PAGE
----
Small and large firms and job growth
June 26, 2007
Who creates the most jobs: small businesses or large businesses? This subject has been widely discussed among economists and researchers and is often a topic of political debates citing the important role of small businesses in creating jobs.
New statistics from the BLS Business Employment Dynamics program provide data with which to analyze many of the size class methodological issues, and are a valuable data resource with which to answer these questions.
The following findings result from analysis of BLS firm size class data:
- Small firms, those with 1 to 499 employees, create about 64 percent of new jobs.
- The share of growth of small firms is larger than their base share of employment. This growth, however, causes small firms to become large, increasing the employment share of large firms over time.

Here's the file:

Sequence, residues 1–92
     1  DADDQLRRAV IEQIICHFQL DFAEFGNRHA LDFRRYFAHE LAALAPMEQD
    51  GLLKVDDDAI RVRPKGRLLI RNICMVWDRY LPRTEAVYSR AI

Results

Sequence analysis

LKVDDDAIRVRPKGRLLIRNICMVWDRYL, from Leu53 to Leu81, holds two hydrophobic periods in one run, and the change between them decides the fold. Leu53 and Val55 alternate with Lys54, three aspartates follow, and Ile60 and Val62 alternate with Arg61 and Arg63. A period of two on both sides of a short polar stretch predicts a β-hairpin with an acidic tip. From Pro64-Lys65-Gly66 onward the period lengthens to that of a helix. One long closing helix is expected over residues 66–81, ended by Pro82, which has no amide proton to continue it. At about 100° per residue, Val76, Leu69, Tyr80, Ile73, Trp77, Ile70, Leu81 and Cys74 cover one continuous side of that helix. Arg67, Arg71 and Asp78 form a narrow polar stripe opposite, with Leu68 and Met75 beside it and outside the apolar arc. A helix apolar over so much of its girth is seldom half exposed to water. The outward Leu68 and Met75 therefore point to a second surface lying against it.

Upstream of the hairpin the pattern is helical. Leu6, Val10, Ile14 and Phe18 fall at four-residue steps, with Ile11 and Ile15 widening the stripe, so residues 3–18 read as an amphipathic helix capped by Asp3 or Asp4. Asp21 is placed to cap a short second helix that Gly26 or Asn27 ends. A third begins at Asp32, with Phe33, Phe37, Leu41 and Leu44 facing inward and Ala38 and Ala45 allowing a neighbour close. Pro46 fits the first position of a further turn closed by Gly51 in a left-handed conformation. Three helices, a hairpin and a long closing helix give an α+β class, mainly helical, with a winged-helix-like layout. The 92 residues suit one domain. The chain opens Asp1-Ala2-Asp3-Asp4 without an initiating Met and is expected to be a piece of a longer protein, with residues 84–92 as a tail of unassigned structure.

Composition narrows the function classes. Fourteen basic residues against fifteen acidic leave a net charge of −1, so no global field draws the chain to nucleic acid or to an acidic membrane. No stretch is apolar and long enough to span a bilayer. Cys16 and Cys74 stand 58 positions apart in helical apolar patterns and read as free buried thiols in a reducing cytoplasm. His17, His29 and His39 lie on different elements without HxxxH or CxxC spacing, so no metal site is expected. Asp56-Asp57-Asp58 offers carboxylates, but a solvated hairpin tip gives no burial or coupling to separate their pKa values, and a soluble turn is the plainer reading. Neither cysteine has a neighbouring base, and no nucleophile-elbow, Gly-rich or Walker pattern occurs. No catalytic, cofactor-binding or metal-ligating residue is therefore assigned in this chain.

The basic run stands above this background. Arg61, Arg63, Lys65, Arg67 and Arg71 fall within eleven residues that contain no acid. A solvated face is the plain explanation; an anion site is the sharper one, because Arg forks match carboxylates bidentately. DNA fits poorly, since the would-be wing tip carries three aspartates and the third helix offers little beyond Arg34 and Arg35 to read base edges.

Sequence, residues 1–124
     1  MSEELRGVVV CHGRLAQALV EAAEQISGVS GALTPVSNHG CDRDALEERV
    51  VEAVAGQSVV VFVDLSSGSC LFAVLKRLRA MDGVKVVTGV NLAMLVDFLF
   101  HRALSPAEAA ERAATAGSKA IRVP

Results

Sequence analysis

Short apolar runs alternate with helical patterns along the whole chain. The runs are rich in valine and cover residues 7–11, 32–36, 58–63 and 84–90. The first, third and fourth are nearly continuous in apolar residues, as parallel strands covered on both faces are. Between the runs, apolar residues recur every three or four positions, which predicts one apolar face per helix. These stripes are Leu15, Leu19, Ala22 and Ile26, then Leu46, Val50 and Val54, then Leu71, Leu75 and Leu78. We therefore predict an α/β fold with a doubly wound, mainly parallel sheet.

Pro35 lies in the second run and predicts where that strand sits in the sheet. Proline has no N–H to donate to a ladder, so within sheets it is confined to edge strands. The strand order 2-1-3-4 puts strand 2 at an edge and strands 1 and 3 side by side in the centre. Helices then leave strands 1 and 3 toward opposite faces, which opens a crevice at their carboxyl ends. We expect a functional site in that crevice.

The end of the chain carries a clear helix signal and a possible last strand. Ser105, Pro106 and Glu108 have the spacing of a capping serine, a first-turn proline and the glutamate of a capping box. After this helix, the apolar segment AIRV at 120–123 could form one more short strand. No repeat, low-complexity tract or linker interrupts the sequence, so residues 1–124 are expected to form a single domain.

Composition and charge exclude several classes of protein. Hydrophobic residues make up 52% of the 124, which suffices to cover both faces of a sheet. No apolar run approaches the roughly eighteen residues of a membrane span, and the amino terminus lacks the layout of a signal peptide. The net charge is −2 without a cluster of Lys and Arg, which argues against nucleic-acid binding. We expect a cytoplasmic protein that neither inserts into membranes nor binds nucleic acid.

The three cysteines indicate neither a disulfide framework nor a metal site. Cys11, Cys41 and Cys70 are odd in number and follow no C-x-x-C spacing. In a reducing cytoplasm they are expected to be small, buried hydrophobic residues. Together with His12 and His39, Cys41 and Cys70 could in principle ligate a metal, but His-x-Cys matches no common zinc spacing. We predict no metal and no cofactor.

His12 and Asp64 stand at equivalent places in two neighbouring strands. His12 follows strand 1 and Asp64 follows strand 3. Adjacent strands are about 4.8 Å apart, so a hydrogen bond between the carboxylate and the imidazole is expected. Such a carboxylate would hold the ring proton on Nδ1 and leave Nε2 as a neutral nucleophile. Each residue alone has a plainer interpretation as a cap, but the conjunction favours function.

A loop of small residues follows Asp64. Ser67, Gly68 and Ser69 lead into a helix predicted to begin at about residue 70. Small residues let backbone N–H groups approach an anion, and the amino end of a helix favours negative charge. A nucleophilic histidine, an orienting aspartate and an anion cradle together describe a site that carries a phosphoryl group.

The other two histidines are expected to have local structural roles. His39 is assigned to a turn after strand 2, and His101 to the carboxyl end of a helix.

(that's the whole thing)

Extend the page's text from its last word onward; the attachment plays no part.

- Firms of different size classes behave differently throughout the phases of the business cycle. The contribution of large firms to the net job gains during the current economic recovery appears to have come from a fall in the level of gross job losses, rather than increased job creation. The share of gross job gains for this group has not yet reached its pre-recession levels.
- The bulk of net job losses in the 1991 recession occurred in small firms, while large firms have generated the majority of job losses during the economic slowdown of 2001.
These data are from the Business Employment Dynamics program. Data presented here are for workers in private industry covered by State unemployment insurance programs. A firm is defined as an aggregation of establishments under common ownership by a corporate parent. An establishment is defined as an economic unit that produces goods or services, usually at a single physical location, and engages in one, or predominantly one, activity. Find out more in "Employment dynamics: small and large firms over the business cycle," by Jessica Helfand, Akbar Sadeghi, and David Talan, Monthly Labor Review, March 2007.
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